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How Is Marketing Similar to Investing?

I received another call from a financial advisor this week who saw us in the July cover story of Journal of Financial Planning . He owns a nice sized practice and has been in the advisory business and financial planning profession for almost three decades. Smart guy. He has a law degree from a top institution and other crown jewels he has earned along the way.

Like most financial advisors, I’ll call him “Roger," he is trying to stay digitally relevant and top-of-mind. Roger may not be a millennial but he is bright. He understands the importance of taking a somewhat bullish approach to marketing as he was all too happy to talk to me about his website, blog, and Twitter account, with a kind of pride one uses to describe their own children.

And like most advisors in their late 50’s, Roger’s life is pretty darn good and he loves going to work. It shows. Roger has grown his practice and six-figure AUM organically by way of referrals—a majority from raving fan clients and a smaller percentage from CPA and attorney referrals.

But those were the good ole' days.

Roger’s pipeline is quickly drying up and he’s scurrying to reinvigorate the business with the magical marketing trifecta – website, blog, and social media – designed to push him to the top of the sales funnel faster than you can say ABRACADABRA!

The only problem is it’s not working. And he can’t understand why???

“I blog.”

“I tweet.”

“I even send my clients and centers a personalized email video right to their inbox!”

Gee whiz I thought…In that case, there should be a line of clients waiting outside your door like you’re giving away fidget spinners!


When I begin to go down the digital rabbit hole and dig for evidence, patterns or lack of thereof tell a different kind of story.

  • In the entire month of July, Roger has tweeted once.
  • In the last 30 days, Roger has sent out 1 email.
  • In the last 7 months, Roger has written 5 blog posts.
  • In the last 9 months, Roger has recorded 3 videos.
  • And in the last week, Roger has made 0 touches to his CPA and attorney BFFs.
  • No matter what I say to Roger, his response is always the same.

    I already tried that. It didn’t work.

    The Scorpio in me pushes back.

    “Roger, have you ever thought of creating a multi-touch marketing initiative for your centers, beginning with a case study outlining who you help, how you work with clients, and a story about taking a client from point a to point b? We can begin to evaluate the merits of the campaign / ROI based on downloads of this case study and even track visits to a dedicated web page (aka landing page) that links directly to our case study. And guess what…we can measure email opens rates, new email sign-ups and growth of our newsletter distribution list to see whether we’re on track.”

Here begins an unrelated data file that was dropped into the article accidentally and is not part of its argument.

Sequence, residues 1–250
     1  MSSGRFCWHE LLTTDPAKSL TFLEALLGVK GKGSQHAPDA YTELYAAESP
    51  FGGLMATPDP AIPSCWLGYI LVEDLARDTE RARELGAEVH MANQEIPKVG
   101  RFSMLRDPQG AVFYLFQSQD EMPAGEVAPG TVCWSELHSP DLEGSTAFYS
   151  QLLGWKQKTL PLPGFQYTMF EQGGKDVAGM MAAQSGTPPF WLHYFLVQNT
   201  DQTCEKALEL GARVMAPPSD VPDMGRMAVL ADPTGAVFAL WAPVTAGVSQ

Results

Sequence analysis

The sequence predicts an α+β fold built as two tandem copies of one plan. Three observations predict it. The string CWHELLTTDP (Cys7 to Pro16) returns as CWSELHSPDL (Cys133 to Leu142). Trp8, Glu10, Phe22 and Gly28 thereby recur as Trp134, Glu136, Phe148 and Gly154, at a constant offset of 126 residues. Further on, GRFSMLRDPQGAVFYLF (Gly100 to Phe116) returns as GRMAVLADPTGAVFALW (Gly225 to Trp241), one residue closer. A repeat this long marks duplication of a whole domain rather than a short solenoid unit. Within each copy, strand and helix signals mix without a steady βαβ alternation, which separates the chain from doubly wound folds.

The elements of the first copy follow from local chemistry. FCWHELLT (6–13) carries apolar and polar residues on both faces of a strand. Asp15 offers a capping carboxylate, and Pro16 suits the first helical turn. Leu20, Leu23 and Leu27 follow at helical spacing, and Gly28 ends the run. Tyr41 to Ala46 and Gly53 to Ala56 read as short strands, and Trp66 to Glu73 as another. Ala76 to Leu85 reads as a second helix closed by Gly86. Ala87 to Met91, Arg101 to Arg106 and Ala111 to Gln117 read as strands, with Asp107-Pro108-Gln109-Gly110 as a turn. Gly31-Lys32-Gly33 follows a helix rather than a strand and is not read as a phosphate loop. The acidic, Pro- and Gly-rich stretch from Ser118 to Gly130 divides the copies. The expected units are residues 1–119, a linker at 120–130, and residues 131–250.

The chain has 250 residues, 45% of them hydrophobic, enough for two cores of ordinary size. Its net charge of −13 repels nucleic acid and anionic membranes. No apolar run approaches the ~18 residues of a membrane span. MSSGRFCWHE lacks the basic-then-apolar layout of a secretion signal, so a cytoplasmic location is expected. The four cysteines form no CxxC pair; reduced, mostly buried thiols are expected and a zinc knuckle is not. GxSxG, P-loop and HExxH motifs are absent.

And since I was on a roll, “Roger, how about a little personal touch such as a handwritten personal note thanking them for prior referrals or an invitation to play golf. It’s summer. No one wants to go to lunch and just sit there.”

    Related: The Financially Fearless Woman

    Marketing and Investing are Similar

    Roger and I continue to talk about marketing strategy and begin to focus on the similarities between marketing and investing. It’s important for Roger to keep his expectations in check when it comes to his marketing goals and I offer him the following advice.

    Recognize that marketing is a lot like investing and requires the same type of mindset we expect from our clients. We encourage them to take a long-term perspective and evaluate progress based upon their goals and objectives. In the same way we can’t expect an investment portfolio to jump 10% in 1 month or even 1 year, the truth can be said about marketing. You need to be patient. You need to be prudent.

    A good marketing portfolio needs to be blended and allocated across online and offline asset classes. Keep in mind that digital assets need to be rebalanced regularly and marketers have tools at our disposal to do this. For example, marketing analytics and data within our email and social media accounts will tell us when we need to:

  • Tweak a headline or subject line,
  • Add a personalization field,
  • Try different lengths of articles,
  • Embed a video,
  • Fix broken links,
  • Move a CTA above the fold,
  • Or do an AB Test with a variation of our website.
  • When it comes to marketing, there are a gazillion variations and we can measure most of them.

    But here’s the bottom line.

    Marketing requires cadence and daily deposits. Even the best marketing in the world can’t help an advisor , even a good one like Roger, who is not realistic about putting in the right amount of work to make it work. Today’s digital tools aren’t fidget spinners. There’s just no other way around it.